Florentine Domenico Ghirlandaio (c. 1448–94), was born Domenico di Tommaso di Currado di Doffo Bigordi, but earned his nickname Ghirlandaio or 'garland maker' from his father, a goldsmith, who was his first teacher, because of his expertise in making the then-fashionable women's metal headdresses. He was to have been an apprentice to Alesso Baldovinetti and perhaps Andrea del Verrocchio.
Some of his earliest works are in Sesto Fiorentino's church of Sant'Andrea a Cercina. He sometimes worked with his brother Davide (see the Last Supper at the Badia a Passignano, in Greve in Chianti. He in turn taught the young Michelangelo cross hatching and a few other things (Michelangelo was loathe to admit that he ever had to learn anything from anybody).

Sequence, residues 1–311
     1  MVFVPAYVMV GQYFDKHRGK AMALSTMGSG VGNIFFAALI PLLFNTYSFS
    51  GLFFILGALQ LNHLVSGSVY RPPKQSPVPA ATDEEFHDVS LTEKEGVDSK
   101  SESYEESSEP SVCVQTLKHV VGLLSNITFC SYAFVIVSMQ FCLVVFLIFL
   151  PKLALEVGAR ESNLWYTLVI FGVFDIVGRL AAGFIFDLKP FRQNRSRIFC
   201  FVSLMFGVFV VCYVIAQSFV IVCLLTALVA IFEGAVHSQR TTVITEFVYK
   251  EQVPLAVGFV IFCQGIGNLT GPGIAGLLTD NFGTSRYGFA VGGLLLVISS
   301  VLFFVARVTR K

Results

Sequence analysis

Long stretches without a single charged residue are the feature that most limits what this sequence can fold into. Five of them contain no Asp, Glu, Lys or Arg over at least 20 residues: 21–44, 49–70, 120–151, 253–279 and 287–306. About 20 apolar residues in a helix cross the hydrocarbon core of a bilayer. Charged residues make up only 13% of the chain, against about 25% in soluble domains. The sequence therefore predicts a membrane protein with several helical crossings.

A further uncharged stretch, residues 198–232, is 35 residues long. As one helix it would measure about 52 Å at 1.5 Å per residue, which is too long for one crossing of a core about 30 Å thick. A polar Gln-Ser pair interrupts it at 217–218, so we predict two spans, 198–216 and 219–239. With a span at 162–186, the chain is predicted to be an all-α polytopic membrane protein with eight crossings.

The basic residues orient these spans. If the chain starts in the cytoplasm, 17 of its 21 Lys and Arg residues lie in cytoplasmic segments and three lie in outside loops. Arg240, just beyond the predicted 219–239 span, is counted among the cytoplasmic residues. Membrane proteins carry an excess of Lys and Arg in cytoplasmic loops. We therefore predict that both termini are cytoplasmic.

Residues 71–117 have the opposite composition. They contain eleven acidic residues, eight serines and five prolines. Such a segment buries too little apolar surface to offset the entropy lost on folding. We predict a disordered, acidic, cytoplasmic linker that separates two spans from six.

Ghirlandaio, along with Botticelli and Signorelli, contributed frescoes to Rome's Sistine chapel walls, but above all was the painter of Florence's quattrocento establishment, master of non-challenging colourful, fresco cycles (with the help of a big workshop) in which he painted all the Medici and Florence’s banking elite. He was also great portraitist with a distinctive, dry, restrained style.
His masterpiece is the Sassetti Chapel in Santa Trínita, but also see his Cenacolo at Ognissanti, his beautiful Adoration of the Magi in the Museo degli Innocenti and the fresco cycle in the Sanctuary of Santa Maria Novella.
Images by: PD Art